Green Living Saves Money on Healthcare
We’ve all been hearing a lot about the new Affordable Care Act, which is scheduled to go into effect January 2014. With all this talk about health care, we’ve been thinking a lot about how to prevent a hospital stay and doctor’s visits with green living and natural health care.
Health care of any kind is fraught with confusion, myths and mysteries. We’ve tried to sort through the clutter to share some tips to keep you out of the doctor’s office.
One word of advice: before you make any changes to your current or future preventative health care – natural or conventional – always check in with a trusted doctor or health care professional to ensure that you’re doing the right thing for your individual circumstances.
THREE TOP WAYS TO PREVENT A DOCTOR VISIT
1. Cut out Soda
According to the American Natural Health Care Society, soda is one of the biggest health dangers in existence. When soda is ingested, your body is often assaulted with mercury-containing high-fructose corn syrup in addition to a conglomeration of pesticides and processed sugars. An average bottle of Coke contains over 60 grams of sugar. Increasingly it is being recognized that the substantial level of sugar consumption inside the United States and elsewhere is responsible for many of the health issues the average person faces, including obesity, diabetes, and chronic lethal afflictions like cancer and heart disease. Drinking two soft drinks per week increases risk of pancreatic cancer by 87 percent.
2. Eat fresh foods
According to the FDA, Bisphenol A (BPA) is an industrial chemical that has been present in many hard plastic bottles and metal-based food and beverage cans since the 1960s. Since then there has been concern about the potential effects of BPA on the brain, behavior, and prostate gland. BPA is routinely used to line cans to prevent corrosion and food contamination.
This chemical has been linked to cancer, heart disease and diabetes. A Harvard study included 75 volunteers in two groups. One group ate a 12-ounce serving of vegetarian canned soup each day for five days and the other group ate the same amount of fresh vegetarian soup daily for five days. Urine samples showed that daily consumption of canned soup was associated with a more than 1,200 percent increase in BPA, compared to eating fresh soup.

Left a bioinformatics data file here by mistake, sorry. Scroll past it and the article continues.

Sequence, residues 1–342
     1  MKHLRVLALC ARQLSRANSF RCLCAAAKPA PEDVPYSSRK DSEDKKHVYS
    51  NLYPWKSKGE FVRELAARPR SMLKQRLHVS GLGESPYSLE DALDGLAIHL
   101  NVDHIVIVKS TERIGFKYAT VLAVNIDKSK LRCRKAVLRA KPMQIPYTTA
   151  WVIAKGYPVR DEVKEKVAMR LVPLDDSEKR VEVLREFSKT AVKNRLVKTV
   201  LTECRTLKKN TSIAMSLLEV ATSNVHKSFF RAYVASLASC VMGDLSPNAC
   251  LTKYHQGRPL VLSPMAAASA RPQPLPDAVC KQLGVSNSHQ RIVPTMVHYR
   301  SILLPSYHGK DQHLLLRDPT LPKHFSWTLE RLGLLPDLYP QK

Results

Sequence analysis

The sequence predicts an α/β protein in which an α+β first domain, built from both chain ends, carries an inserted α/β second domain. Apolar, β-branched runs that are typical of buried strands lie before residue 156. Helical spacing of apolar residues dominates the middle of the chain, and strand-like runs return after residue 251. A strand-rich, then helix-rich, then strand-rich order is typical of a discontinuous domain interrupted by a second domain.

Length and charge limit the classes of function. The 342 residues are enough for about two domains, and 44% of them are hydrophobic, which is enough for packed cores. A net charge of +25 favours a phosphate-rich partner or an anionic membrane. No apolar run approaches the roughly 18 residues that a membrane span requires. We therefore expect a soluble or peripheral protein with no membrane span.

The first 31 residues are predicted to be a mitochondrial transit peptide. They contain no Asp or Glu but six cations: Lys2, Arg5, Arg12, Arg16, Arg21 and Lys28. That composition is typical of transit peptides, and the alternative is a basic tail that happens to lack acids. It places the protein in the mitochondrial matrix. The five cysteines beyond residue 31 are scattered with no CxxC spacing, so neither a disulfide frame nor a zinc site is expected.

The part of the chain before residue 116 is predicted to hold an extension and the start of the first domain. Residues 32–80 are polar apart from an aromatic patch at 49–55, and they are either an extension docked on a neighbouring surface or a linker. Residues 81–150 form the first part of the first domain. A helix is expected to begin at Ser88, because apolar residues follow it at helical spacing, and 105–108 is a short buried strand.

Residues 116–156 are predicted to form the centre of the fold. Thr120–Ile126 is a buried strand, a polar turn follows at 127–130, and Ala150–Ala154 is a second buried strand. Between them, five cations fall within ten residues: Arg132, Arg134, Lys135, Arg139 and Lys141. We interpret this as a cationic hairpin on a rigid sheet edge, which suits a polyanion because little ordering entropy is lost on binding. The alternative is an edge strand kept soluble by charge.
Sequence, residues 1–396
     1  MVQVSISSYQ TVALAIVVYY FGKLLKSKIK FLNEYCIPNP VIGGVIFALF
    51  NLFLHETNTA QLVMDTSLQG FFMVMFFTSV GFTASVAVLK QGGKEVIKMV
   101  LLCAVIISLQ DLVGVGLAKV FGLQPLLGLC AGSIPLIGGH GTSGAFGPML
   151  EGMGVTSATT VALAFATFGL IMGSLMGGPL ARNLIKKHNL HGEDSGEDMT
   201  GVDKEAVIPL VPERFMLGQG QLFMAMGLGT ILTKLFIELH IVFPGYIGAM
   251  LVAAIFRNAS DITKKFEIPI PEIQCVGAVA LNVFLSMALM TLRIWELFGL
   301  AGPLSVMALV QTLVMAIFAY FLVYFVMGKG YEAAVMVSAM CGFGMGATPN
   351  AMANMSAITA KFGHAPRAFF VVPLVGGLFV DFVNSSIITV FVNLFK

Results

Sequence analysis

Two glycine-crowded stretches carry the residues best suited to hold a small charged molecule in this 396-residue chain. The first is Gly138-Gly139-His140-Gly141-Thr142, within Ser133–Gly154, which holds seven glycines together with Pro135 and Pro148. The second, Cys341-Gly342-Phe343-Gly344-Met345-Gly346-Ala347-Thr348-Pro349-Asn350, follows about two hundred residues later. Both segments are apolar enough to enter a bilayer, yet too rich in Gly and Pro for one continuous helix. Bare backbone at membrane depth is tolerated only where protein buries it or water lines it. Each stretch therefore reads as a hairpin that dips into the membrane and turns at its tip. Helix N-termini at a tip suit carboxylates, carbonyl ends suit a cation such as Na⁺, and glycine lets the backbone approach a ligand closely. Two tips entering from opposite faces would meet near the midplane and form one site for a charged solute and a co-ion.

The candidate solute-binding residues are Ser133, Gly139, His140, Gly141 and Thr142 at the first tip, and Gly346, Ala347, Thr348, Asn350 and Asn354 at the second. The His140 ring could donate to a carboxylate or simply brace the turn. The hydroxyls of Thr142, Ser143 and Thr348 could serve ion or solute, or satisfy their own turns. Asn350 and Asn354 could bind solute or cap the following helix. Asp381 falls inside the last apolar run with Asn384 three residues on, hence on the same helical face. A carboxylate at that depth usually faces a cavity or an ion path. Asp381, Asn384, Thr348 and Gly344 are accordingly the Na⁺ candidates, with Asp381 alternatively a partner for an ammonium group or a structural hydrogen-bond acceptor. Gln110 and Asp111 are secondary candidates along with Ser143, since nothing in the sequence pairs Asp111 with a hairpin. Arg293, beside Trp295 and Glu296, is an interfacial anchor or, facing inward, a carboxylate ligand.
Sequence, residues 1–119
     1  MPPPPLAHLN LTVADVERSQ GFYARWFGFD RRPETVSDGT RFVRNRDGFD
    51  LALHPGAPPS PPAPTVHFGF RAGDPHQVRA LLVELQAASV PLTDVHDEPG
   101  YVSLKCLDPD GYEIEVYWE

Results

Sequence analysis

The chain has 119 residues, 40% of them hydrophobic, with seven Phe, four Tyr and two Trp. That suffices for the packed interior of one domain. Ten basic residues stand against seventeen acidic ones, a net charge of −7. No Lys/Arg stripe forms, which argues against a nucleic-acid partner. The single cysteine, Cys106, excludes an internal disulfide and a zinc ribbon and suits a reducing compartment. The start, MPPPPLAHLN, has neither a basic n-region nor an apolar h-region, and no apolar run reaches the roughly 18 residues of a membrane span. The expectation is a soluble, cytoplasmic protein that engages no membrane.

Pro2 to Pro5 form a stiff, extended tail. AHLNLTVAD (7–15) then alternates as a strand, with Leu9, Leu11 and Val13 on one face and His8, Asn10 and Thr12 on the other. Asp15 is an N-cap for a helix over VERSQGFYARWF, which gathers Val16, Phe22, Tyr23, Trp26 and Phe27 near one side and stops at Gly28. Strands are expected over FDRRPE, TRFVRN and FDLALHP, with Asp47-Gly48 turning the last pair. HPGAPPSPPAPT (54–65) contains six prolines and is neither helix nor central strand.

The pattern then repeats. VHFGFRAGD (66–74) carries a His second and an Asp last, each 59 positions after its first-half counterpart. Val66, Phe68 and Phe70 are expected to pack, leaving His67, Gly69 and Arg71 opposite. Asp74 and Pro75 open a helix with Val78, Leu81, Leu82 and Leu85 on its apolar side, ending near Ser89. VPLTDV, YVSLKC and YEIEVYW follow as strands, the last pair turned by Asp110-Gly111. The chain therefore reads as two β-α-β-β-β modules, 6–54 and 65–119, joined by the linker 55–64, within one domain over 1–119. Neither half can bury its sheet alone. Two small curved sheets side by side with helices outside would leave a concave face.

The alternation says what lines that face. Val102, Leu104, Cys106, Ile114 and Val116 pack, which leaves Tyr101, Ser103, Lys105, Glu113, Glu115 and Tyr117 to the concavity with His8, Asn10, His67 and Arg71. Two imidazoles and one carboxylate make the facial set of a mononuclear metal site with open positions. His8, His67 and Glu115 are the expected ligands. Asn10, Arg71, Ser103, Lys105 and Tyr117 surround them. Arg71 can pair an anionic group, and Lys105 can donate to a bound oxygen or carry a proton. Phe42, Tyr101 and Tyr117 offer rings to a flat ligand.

3. Take your vitamins
According to Discovery Health, taking the right mix of vitamins will help fight the aging process, which contributes to overall health vulnerability.
Vitamin E prevents blood from clotting unnecessarily, lowering the risk of stroke or heart attack. It also helps to prevent LDL cholesterol from contributing to atherosclerosis. Vitamin E might also protect against cancer, since free radicals and their damaging effects may play a role in cancer development. You can get vitamin E through nuts, seeds, green leafy vegetables, and vegetable oils (such as soybean, canola, and corn). Vitamin E is also available in a variety of supplements and topical applications.
Vitamin C has cancer-preventing qualities and appears to reduce the odds of developing cardiovascular disease. Additionally, some studies have suggested that vitamin C delays or even prevents the formation of age-related cataracts and macular degeneration. Fruits and veggies (especially citrus and potatoes) are excellent natural sources of vitamin C.
Your body produces small amounts of vitamin K on its own, but you can use more than your body can provide. Vitamin K can be consumed as a supplement, as part of a multi-vitamin, in the form of topical creams or (ideally) through your diet. Kale, lettuce, spinach and broccoli are all excellent sources of vitamin K, as are non-hydrogenated vegetable oils.
Niacin counteracts the effects of aging inside your skin as well. It raises your “good” cholesterol (high-density lipoproteins, or HDL) and also lowers triglycerides (fats in your blood that contribute to your overall cholesterol count). In doing so, niacin lowers your risk and rate of atherosclerosis, the hardening of your artery walls that leads to heart attack and stroke. Niacin also plays a major role in converting food into energy. Get your daily dose of Niacin in sun dried tomatoes, peanuts, chicken and paprika.
Vitamin A — in proper amounts — is important for your overall bone health, helping to offset the effects of osteoporosis as you get older. However, there is a danger for seniors of taking too much vitamin A, which can lead to osteoporosis and bone brittleness. Talk to your doctor about the best way for you to obtain the amount of vitamin A you need.